Americans in space on Thanksgiving are experiencing a holiday that traditionally features a large meal in a place where meals are as compact as possible. NASA tries to help by providing a dishes similar to the traditional ones: this year they included smoked irradiated turkey, candied yams, and green beans with mushrooms. Thursday’s Thanksgiving for the astronauts on the International Space Station was actually kind of busy, as some crew members were leaving, so the crew celebrated a day early.
Preparing the space foods for eating is going to be another challenge. There’s the need for heat, for cleanup, and that ever-present pesky lack of gravity, at least while you’re between planets.
There’s also going to be the actual cooking.
Some people can prepare their meals confidently, with the knowledge that their food is going to turn out delicious. I’m not one of them. For instance, there was the Liquid Cookie Incident (I followed the recipe exactly. It was not my fault). Also sometimes I call my sister to tell her about an improvised meal that I thought was going to be delicious but turned out to be awful, and she’ll say something like: “Why would you even think that was a good idea?”
Any space missions won’t want to risk one of their astronauts being like me. There will probably be recipes (but not the liquid cookie recipe).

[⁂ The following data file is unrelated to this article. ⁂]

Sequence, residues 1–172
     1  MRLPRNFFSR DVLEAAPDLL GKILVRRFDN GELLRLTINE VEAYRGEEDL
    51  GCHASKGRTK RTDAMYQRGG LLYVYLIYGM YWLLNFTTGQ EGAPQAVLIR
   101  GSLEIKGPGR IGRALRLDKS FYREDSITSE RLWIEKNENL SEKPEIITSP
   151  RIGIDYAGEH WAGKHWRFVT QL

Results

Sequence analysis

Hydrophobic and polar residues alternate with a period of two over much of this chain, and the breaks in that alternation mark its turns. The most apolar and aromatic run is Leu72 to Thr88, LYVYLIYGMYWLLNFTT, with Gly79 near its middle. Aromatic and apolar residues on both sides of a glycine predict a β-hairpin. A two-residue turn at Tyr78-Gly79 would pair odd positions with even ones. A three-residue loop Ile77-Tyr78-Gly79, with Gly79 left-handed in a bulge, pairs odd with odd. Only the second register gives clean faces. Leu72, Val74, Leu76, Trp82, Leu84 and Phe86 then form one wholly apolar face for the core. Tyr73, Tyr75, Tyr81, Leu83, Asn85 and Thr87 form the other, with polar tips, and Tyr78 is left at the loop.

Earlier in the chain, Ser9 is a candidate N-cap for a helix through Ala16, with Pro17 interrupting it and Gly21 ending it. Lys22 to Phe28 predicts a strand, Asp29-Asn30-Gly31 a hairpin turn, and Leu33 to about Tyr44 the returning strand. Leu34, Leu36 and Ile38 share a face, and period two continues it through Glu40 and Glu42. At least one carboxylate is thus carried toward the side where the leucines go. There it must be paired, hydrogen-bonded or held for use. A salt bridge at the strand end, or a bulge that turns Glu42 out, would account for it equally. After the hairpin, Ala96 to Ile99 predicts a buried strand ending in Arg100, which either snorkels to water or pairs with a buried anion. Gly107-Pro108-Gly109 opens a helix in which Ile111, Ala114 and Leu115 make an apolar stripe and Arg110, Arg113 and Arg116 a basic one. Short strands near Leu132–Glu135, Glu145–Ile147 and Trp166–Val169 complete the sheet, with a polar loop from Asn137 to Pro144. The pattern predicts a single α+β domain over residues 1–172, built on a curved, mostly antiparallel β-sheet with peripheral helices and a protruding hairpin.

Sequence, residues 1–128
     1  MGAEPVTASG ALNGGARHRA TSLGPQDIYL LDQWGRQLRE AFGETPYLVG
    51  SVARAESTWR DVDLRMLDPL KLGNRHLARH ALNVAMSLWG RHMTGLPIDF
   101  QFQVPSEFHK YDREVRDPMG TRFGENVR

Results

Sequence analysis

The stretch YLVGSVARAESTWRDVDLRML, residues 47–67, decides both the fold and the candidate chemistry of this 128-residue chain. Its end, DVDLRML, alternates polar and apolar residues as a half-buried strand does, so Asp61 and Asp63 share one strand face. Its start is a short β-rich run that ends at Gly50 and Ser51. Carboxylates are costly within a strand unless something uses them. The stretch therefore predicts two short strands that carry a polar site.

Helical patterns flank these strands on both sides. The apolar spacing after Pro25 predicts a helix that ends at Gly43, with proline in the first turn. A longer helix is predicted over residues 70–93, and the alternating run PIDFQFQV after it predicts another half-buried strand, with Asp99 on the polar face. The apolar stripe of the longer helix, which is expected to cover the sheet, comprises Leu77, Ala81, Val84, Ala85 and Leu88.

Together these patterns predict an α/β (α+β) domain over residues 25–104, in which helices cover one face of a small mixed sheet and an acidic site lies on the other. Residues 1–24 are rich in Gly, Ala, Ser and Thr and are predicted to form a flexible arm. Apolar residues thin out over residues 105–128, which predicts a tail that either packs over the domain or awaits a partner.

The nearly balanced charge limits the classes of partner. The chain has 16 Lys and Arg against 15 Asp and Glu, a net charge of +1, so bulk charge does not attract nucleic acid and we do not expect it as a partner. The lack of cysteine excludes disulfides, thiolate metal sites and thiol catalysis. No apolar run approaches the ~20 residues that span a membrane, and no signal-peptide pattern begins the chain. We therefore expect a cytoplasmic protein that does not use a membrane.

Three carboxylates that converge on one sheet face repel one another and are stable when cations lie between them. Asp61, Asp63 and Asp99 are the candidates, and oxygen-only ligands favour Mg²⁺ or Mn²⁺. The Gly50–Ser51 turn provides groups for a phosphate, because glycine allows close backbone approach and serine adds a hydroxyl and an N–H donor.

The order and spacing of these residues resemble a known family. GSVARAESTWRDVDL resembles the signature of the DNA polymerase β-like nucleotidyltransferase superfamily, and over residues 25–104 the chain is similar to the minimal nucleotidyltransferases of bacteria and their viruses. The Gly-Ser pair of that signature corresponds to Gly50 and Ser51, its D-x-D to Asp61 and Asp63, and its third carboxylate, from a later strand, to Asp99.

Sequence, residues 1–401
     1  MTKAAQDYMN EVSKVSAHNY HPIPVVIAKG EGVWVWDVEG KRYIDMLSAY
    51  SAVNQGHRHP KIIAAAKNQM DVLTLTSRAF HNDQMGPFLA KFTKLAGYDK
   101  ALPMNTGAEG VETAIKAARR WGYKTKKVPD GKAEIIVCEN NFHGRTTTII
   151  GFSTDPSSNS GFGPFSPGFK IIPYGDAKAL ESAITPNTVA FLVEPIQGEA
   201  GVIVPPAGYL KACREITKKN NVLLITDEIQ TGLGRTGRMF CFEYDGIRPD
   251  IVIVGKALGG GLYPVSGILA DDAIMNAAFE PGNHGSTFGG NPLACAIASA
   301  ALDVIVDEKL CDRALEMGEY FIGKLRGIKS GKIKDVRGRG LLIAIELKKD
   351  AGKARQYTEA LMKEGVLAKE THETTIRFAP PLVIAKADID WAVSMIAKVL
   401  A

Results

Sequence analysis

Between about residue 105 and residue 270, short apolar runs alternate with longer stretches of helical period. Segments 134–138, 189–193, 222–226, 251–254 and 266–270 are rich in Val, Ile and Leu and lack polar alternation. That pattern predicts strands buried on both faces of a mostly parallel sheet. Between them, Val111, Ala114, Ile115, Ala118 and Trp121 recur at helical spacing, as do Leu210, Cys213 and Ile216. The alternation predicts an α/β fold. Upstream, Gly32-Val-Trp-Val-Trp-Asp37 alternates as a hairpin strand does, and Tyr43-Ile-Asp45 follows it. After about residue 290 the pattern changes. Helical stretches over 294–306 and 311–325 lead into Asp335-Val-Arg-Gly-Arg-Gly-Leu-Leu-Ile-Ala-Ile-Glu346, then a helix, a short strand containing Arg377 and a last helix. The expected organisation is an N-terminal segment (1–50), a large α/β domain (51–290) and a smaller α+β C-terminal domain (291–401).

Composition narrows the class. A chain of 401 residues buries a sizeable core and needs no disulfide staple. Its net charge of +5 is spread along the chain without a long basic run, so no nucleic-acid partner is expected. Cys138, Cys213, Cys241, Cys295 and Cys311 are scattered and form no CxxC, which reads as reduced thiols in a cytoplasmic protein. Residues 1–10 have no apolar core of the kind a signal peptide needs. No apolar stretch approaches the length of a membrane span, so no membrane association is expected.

As a sample, NASA has posted a recipe. For cornbread stuffing.
|Cornbread, prepared, crumbled||39.50||869.00||12 cups|
|Chicken broth||40.90||899.80||3 3/4 cups|
|Onions, chopped||10.47||230.34||2 1/2 cups|
|Celery, chopped||6.15||135.30||1 1/2 cups|
|Butter, unsalted||2.52||55.44||1/4 cup|
|Poultry seasoning||0.11||2.42||1 1/4 tsp.|
|Black pepper||0.07||1.54||1/2 tsp.|
|Parsley flakes, dried||0.04||0.88||2 tsp.|
|Sage, rubbed||0.04||0.88||1 tsp.|
They’re a little bit more intense about precise measurement than most home cooks.
This recipe comes with a home translation, for preparing your own NASA cornbread stuffing. Actual NASA recipe formulations, like this one for crawfish etouffee, are way more entertaining:
3.1 Combine flour, NATIONAL 150, CLEARJEL, Creole seasoning, salt, garlic powder, onion
powder, and cayenne pepper; mix thoroughly.
3.2 Add the flour-starch blend to the water reserved for the slurry and mix well. Set aside.
3.3 Add the water, wine, parsley, Tabasco, garlic, butter, tomatoes, yellow onion, celery, green
bell pepper, and green onion to the kettle; mix to combine.
3.4 Start low agitation. Open steam valve with pressure gauge set at 10 psi.
None of my kitchen utensils have a steam valve with pressure gauge.
In other recipe news, in 1981:
NASA asked Natick Laboratories to develop a contingency ration that would meet and retain 100 percent of the Recommended Daily Allowance (RDA) and maintain consumer acceptability under ambient storage conditions for three years.
The chosen food: fruitcake.
The AP asked them to break it down for at-home cooking. And they did.
Now you know what to make all your random acquaintances for Christmas this year!